(In this post I write about one of our foster placements, but do not use gender.  This is to protect the child’s right to anonymity.  So I refer to the child as “them, they, it, the toddler,” etc.  It is not to be rude or to be disrespectful, but to respect privacy.)

So we recently accepted two new placements.  Yes, we are crazy.  We had about a week’s notice that we would be getting the toddler.  I was excited, a child that could talk and interact with me.  We could go to the playground, color, and play make-believe.

But then I started to panic.  What if this child doesn’t adjust to our home, to me?  What if they cry all the time, throw tantrums, or other behaviors that foster children sometimes display (such as hurting themselves or others)?  Because an older child can talk, what do I say when they ask about their parents?  What if they cry for their mother and want nothing to do with me?

We finally got the call to go pick the toddler up.  I show up, sort of expecting a ‘tutorial’ on toddlers and the specifics to this particular model.  Or at least a manual, something.  But no, they just hand the kid over to me!  I mean I knew I was going to go and get a toddler, but there was still that little part of me that was thinking, ‘Seriously, you’re just gonna give me a toddler?  Do you know I routinely ask my husband for a pony?  And you’re going to trust me with a little person?

The toddler and I meet, and they walk us out the door.  We hold hands walking to the car, and I take a toddler home.  It was just as easy as going to the store to pick up a gallon of milk.

Yet much more terrifying.

What do we feed it?  Yes, food, but what type of food do they like, do they not like?

How much do I feed it?  And how do I know when it is really full or just bs-ing me to get out of having to eat?

Does it come toilet trained?  (The answer to that turned out to be ‘sort-of’.)

What time do I put it to bed and get it up?



A ton of questions.  And a sense of ‘I could really screw this up‘.

I wonder if when new Moms give birth and they hold their baby for the first time, as they experience the joy of their newborn child do they also experience a moment of fear?  A sense of ‘holy crap, I am responsible for this thing, for its entire life, panic!”

Because that is what I felt.  Excitement and joy, but also fear.

As it happened the first night we had the toddler I had to spend the night away.  And here’s the really honest part, I was a little relieved.  I just didn’t know how to handle this “instant-family” we’d just received.  There was no 9-month prep, no starting with a little baby to ease us into it this time.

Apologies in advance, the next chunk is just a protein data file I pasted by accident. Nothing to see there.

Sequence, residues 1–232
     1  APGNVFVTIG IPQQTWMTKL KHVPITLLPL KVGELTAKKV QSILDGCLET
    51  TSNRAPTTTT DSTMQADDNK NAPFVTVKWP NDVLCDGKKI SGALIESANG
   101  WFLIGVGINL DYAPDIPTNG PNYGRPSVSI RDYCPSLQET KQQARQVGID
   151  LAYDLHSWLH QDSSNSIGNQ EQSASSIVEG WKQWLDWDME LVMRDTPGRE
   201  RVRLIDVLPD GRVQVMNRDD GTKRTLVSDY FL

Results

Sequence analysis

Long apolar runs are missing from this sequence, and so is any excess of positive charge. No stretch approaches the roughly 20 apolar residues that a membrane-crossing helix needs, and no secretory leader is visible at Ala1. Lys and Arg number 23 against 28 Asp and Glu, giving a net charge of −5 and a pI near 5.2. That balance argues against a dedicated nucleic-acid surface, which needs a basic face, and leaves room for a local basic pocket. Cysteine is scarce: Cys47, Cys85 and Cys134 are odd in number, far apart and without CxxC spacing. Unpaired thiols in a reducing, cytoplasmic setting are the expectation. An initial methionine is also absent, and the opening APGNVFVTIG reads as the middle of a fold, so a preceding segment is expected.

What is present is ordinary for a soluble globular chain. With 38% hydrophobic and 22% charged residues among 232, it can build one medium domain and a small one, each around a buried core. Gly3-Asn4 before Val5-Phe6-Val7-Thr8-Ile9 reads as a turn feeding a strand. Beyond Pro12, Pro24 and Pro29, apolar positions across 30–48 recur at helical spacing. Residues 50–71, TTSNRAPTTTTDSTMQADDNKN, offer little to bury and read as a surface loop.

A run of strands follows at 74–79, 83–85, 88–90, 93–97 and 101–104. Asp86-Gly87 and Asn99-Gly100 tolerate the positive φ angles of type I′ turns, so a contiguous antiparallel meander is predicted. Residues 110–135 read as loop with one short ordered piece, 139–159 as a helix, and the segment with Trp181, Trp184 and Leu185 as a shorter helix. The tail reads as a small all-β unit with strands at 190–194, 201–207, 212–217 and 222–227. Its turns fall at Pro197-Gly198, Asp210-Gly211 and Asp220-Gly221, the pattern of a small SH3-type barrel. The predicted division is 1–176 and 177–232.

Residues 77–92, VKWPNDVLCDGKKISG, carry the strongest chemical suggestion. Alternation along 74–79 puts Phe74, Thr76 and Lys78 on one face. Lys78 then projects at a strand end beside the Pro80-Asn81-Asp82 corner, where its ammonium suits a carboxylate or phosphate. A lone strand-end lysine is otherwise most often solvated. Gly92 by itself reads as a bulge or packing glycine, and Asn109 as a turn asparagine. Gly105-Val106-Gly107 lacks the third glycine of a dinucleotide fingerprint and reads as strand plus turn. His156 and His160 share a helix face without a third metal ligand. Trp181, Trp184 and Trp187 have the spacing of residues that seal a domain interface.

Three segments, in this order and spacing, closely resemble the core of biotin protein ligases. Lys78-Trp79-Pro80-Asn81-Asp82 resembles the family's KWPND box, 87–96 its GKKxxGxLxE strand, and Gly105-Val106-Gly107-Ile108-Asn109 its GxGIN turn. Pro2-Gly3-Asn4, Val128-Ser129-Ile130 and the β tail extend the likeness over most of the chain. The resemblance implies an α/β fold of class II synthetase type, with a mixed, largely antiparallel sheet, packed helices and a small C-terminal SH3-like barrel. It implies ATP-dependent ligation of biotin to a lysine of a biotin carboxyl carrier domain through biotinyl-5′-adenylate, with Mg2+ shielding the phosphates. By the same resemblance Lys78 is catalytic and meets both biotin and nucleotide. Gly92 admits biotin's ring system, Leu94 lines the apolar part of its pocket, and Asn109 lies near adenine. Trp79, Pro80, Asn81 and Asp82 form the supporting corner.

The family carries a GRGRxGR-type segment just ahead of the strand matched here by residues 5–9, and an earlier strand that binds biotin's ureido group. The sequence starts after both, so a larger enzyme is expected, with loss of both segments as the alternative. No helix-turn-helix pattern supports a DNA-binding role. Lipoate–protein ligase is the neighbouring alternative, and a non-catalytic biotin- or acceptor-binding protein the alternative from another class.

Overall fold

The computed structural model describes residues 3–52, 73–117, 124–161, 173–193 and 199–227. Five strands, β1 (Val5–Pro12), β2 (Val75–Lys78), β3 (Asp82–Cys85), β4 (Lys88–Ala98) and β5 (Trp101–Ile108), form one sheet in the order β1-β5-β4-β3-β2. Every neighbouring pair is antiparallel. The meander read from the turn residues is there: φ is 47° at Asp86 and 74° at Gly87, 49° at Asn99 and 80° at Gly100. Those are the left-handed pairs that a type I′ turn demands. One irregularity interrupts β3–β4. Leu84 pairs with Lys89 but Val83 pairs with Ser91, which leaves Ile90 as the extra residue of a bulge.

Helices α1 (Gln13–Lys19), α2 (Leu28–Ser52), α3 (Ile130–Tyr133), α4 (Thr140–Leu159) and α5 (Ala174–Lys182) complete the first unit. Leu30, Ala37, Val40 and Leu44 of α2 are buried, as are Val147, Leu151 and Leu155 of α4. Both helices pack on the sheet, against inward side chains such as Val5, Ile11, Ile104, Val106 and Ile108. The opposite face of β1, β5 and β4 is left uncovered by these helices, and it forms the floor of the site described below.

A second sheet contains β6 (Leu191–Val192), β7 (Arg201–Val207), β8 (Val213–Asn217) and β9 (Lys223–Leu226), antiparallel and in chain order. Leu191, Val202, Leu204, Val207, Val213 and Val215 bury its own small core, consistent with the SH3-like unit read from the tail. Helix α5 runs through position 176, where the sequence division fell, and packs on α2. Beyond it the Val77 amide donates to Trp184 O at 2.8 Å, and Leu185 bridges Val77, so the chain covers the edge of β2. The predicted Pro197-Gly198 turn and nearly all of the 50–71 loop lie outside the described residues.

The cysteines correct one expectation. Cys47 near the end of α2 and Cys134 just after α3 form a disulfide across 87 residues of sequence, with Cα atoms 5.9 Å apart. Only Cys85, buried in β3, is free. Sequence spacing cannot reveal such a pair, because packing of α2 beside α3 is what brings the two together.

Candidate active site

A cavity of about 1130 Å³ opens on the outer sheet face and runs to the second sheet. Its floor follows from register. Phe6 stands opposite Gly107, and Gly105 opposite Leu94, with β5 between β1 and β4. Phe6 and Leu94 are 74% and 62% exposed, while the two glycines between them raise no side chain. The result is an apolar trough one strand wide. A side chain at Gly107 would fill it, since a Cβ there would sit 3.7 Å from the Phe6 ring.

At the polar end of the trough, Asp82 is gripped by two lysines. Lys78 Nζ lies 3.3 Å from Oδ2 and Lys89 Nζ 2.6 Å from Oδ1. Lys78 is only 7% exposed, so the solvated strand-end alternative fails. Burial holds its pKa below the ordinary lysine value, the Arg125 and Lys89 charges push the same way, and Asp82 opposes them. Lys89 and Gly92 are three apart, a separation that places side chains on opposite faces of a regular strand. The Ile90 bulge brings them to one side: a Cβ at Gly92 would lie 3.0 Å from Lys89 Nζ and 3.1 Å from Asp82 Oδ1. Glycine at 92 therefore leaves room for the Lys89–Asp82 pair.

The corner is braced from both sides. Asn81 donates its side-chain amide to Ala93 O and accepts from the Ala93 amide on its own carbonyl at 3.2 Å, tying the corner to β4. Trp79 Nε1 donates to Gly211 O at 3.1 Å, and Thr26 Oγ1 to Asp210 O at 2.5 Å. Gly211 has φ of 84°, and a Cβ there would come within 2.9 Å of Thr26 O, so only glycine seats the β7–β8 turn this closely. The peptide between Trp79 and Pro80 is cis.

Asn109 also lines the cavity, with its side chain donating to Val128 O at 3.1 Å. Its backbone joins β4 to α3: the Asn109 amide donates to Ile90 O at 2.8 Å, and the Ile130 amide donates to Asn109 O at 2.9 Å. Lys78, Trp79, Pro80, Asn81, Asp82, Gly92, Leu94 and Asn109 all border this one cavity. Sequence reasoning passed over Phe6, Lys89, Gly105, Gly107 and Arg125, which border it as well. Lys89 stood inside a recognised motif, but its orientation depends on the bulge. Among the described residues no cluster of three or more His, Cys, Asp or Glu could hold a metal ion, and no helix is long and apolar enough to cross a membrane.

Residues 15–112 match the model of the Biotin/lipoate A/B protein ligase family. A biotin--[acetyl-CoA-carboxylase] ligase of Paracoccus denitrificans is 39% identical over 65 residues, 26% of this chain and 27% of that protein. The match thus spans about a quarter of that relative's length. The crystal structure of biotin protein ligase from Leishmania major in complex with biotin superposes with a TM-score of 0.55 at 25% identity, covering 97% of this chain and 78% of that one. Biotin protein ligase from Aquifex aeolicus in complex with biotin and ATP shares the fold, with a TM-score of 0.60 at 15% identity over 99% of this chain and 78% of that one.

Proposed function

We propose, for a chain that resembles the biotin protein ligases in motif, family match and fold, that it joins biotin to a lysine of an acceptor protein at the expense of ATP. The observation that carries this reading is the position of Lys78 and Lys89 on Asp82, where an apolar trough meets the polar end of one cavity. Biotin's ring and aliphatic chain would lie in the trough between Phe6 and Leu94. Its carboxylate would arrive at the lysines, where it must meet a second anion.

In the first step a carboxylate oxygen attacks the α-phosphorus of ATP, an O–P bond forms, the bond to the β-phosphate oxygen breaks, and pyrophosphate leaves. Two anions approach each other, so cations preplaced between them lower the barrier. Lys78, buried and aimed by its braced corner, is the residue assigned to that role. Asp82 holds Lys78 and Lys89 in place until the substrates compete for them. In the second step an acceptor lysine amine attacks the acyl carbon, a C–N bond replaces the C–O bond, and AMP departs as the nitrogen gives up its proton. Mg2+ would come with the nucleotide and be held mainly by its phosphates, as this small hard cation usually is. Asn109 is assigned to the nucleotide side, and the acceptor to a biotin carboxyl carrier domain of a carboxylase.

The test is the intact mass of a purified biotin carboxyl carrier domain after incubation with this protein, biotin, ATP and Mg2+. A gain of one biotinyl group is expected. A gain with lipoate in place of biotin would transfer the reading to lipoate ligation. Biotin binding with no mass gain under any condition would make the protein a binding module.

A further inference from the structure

We got a very active, very verbal, very busy toddler.  And I kind of felt like the monster in the Monsters Inc. movie:

It wasn’t that I didn’t want to care or like this toddler.  The toddler is pretty darn adorable.  It was just so new, you can’t just instantly bond with a child you never met before or didn’t give birth to.

And then there were the mistakes.  For the first two days we forgot about teeth brushing.  We didn’t even have a toddler toothbrush.  And get this, did you know they need special toothpaste?  They can’t just use regular stuff.  We served adult-sized food portions and wondered why they went unfinished.  We put the toddler to bed, crying ensued after we left the room.  We went back in the room, more crying.  We left the room, more crying.

I felt like a big impostor.  I was just faking this Mom stuff and I was going to screw up.  And then the kid would get moved to a new foster home because I couldn’t hack it.

But then it started to change.

The second night we were all home, and we read books together before bedtime.  The last book we read was “If you give a pig a pancake.”  Which is seriously one of the BEST books ever.  We’re reading the story and I  ask “what does a pig say?”  And the toddler looks at me, smiles, and wrinkles their nose up and ‘oinks’ like a pig.  Then we all ‘oink’ like a pig and laugh.  The toddler laughs like it is the funniest thing in the WORLD.  Which makes me laugh more.

And something in me eases.  I feel like I can breathe a little easier.  This is ok, I can do this.  It might not be easy, but I can do this.

And so now  I fill my days now with coloring, digging dirt, playing with trucks, countless trips to the potty, and answering the never-ending stream of questions that come out of a toddler’s mouth.  It’s not easy, it is an adjustment, but that’s ok.  I’m cutting myself some slack, this is new to me, and it is new to the toddler.  We’ll take it day by day and hope for the best.

And when in doubt, farm animal noises are a HUGE hit with the toddler crowd.


6 responses to “Impostor

  1. I’m sure you will do better than most!

  2. Give yourself and the child plenty of grace…and enjoy, thanks for the post

  3. All of your posts leave no doubt in my mind that you and Jacob are going to do just great. You have such a kindness and gentleness in you that is so beautiful and natural …. any child will be lucky to have you. Many blessings to you all … you are in my thoughts and prayers often.

  4. I’m kind of the opposite. I don’t know how to react to kids who can’t talk. We just look at each other. Once they get old enough to communicate I come into my own.

    I’ve got three nephews and it was the same way with all three. Only problem is, now that they’re all talking, I can’t get the little hellions to shut up. 😉

    Todd McCann

  5. I had to laugh – we totally did some of those same things when we got our four-year old, then her siblings. But it is amazing how quickly things work themselves out and you start remembering the important stuff (like brushing teeth, nap time, getting that hair up out of her eyes, etc.). Never a dull moment as a foster mom, that’s for sure!

  6. While I enjoy If you give a pig a pancake, “If you give a Moose a Muffin” is probably my favorite.

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